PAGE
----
Wednesday, 23 November 2016

This Machine Calls Fascists

“Stop using cuddly terms like ‘alt-right’, and call them what they are! They’re Nazis! That’s what they are! Actual Nazis!”

There’s a lot of this around at the moment – referring to the current populist right-wing movement in America, which is partly to thank (or to blame, depending on your perspective) for the recent election of Donald Trump as American President.


“Call things what they are,” goes the argument, “don’t be fooled. Say the name, and you are one step closer to slaying the beast!” Unfortunately, I remain unconvinced; I don’t think it is quite as easy as that. Because, unpleasant as they are, I don’t believe that today’s ‘alt-right’ truly are Nazis, in the traditional sense.

It is absolutely correct to look at Donald Trump and his alt-right followers and see more than just echoes of the European fascist movements of the 1940s. There are big similarities there, it would be totally wrong to deny that. But there are also some interesting differences – which those who claim to prize truth and transparency over kid-gloved euphemising somehow never mention.

In an excellent article for Vox.com, Dylan Matthews interviews five experts on fascism, and explains why the label still doesn’t quite fit Trump and his cadre. Although plenty is ‘borrowed’ from fascism by the exponents of the new alt-right movement, notably absent (so far, at least) has been any desire for palingenetic abolition of society’s democratic institutions (I believe the contempt in which ‘the establishment’ is held in alt-right circles is a nod to this, but certainly nowhere near fascistic enough as to count). Similarly, there is a definite lack of what Matthews describes as a Sorelian "valorization [sic] of violence", in which violence for its own sake is considered virtuous or life-affirming.

I also think there are marked strategic differences. Nazism, in the old sense, had a particular way of doing things; the alt-right have adapted to a world where – thanks to the internet, social media, twenty-four-hour rolling television news, etc. – the media is unrecognisably different from when Hitler’s Nazis were on the march. It is not possible to be an old-style Nazi in a world like this; even when there is a crossover with true Nazis in the beliefs or the aims of today’s alt-right, their approach to realising those aims is very un-fascist.

Roger Griffin, author of The Nature Of Fascism, and professor of history and political theory at Oxford Brookes University, is quoted in Matthews’ article as saying “You can be a total xenophobic racist male chauvinist bastard and still not be a fascist.” This, for me, sums up Donald Trump and the alt-right; they may be appalling far-right populists, but they don’t quite fit the definition of actual Nazis.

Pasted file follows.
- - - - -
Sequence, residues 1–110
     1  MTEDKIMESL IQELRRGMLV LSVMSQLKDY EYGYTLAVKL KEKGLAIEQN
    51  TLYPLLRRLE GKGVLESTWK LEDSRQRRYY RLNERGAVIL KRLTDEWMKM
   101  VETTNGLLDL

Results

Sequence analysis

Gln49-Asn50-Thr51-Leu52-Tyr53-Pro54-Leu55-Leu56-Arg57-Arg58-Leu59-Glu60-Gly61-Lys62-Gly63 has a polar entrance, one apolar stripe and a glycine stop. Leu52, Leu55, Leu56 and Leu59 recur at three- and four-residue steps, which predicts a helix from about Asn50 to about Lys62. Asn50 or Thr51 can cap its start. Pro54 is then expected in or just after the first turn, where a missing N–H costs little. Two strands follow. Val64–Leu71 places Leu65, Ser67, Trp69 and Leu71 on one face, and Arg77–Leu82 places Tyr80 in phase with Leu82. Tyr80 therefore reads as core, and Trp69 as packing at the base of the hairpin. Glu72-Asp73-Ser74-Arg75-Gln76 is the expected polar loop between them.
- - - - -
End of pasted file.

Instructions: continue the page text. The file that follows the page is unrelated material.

What’s interesting to me, however, is how insistent some people seem to be that we do call them Nazis.

There is a compulsion to define everything in our world by what we already know. To look through our history books, and say “See? This is like that! These people are those people. They must be…” But this is not like that; our societies and our understanding have changed beyond all recognition from the fervour of the 1930s and the 1940s in which fascism thrived. And even if they share some of the same aims, these people are not those people. They have a different approach to the world. That is not to say that they are not dangerous people, or that we do not live in turbulent and troubling times – but it is not the same.

If the alt-right movement – despite certain similarities with ‘old-school’ Nazism – is a new phenomenon, then it is right that it should have a new name. Possibly ‘alt-right’ still isn’t the best term to use, since it seems to sanitise and normalise the repugnant attitudes of the sect – but then, neither is an ill-fitting descriptor from seventy or eighty years ago, and half a world away.

Whatever we call the movement, it would help if we could try to define it fairly soon. The alt-right is in the ascension, emboldened by Donald Trump’s electoral triumph, and the accompanying increase in media coverage. Is it not possible that the rise of the alt-right could be at least partly due to the fact that they are looking forwards and forging something new, whilst the rest of us look back, rifling through history texts in the hope of finding the correct nomenclature?

Yes, language does matter. So why make do with an historical term which only sort-of fits, to describe a new political faction which has its own distinctive characteristics? The alt-right isn’t just Nazism with a new haircut; in fact, it isn’t quite like anything we’ve seen before. Personally, I think we need to acknowledge that, if we are going to defeat it.

Wednesday, 9 November 2016

On the prospect of a Trump Presidency…

I think I started to drift off to sleep around half-past-four this morning – just as it was starting to become clear that it was looking like Donald Trump's night, in the US Presidential Elections.  I woke again a few hours later, still half expecting to see that results had swung back to Hillary Clinton, who had just edged it after a very narrowly-fought race.  And then I checked my phone…  Donald Trump will be the next President of the United States.

I'm not sure the initial shock of the result has worn off, yet (as I write, this news is barely twelve hours old, after all).  When Britain voted in a referendum to leave the European Union, just a few months ago, the result took a while to sink in; the prospect of a Trump Presidency is orders of magnitude more frightening than 'Brexit' could ever be.  People today are feeling nervous, anxious, worried and scared.  They have every right to.